Case 2: Warren E. Buffett.
The possible meaning of the change in the stock price of Berkshire Hathaway on the day of the announcement is that the shares of GEICO were undervalued at a price of $55,75 and Berkshire Hathaway paid a $14,25 premium per share. However, even though Berkshire Hathaway paid $70 per share, that price was lower than the fair value of GEICO but the shareholders couldn’t turn the offer down. Consequently, Berkshire Hathaway increased it’s market value by $718 millions because the intrinsic value of GEICO was higher than the price it was sold for.
The company had outstanding 1,177,750 shares and on august 25 BH share price changed by positive $609.60. At the end of the session, the price was $25,400.
1,117,750 * 609.60 = 717,956,400 gain.
...view middle of the document...
And GEICO had a value of
Resulting to the total BH+GEICO = 29,914.85+2357.13 = $32,271.98 million and the difference is 32,271.98-31,074.17 = $1,197.81
The difference is coming from the GEICO shares
Difference/total GEICO shares
1,197.81 million / 33,673,229=$35.57 mispricing per share and GEICO shareholders only got $14.25 of this value. The $21.32 went to BH shareholders.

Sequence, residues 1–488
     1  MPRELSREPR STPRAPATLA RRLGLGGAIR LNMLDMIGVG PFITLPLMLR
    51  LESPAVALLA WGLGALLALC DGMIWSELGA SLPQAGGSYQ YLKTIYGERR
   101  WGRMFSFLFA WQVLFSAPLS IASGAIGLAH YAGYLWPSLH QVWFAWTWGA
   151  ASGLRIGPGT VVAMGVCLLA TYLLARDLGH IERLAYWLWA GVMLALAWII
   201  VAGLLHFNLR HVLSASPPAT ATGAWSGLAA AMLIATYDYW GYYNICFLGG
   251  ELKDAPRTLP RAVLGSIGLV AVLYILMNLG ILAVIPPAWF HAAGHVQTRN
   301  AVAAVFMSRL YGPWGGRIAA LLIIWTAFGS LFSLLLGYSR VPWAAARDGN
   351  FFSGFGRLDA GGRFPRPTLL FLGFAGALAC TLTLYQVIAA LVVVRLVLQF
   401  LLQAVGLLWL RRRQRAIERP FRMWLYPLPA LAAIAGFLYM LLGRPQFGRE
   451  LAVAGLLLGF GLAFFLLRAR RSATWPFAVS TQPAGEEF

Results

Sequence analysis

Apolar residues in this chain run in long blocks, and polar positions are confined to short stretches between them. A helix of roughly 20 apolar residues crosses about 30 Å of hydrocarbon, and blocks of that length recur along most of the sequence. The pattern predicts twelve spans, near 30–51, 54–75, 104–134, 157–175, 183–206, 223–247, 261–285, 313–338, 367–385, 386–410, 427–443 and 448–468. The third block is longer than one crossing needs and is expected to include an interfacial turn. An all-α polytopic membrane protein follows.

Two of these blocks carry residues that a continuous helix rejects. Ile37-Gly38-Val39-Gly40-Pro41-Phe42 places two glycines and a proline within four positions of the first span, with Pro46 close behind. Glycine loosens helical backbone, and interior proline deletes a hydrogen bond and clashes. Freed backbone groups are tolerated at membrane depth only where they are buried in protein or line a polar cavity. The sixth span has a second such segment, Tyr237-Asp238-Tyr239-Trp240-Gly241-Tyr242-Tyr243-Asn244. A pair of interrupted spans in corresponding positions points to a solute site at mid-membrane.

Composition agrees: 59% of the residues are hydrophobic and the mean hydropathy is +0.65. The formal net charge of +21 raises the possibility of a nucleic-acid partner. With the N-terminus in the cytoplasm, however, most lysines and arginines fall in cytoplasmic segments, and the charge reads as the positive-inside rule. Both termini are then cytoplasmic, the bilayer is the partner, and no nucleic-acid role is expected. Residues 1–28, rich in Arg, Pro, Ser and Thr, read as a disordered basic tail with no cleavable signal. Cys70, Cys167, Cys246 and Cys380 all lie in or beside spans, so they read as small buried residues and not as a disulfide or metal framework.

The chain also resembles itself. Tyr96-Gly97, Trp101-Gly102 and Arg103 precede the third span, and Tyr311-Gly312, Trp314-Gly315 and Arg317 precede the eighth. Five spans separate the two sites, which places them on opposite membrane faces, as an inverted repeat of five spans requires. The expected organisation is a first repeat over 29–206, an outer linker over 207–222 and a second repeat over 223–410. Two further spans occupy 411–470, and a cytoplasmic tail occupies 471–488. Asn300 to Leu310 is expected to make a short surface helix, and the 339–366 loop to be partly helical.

Buffet’s investment philosophy disagrees with modern financial theory because in his CEO letter to shareholders in BH’s annual report he emphasized on various element. First, he ignores consolidated numbers such as balance sheet and income statement and values intangible assets (patents, trade marks, reputation and so one) whereas most executives cherish consolidated numbers.
Second, he measures performance by gain of intrinsic value not like other executives who favor accounting profit.
Also, Warren Buffet does not believe in the practice of diversification to reduce company-specific risk in a portfolio. Instead he was convinced that if you “do not feel ignorant, the need for diversification goes down.”
He also proved that he was able to adapt for his own use conventional tools. He modified the CAPM and used US treasury bonds to avoid risks.
However, he agrees on several modern financial theories such as: time value of money, cost of lost opportunity, investments based on information and not emotions and alignment of agents and owners.
BH shareholders should endorse the acquisition of GEICO simply because during the day of the announcement of the acquisition, the BH share experienced a $609 growth. In addition, the expected internal rate of return is 19%: it means that the future of GEICO is expected to be good.
For example, if a shareholder of BH detains 10 shares he will get $6,090 profit in a day!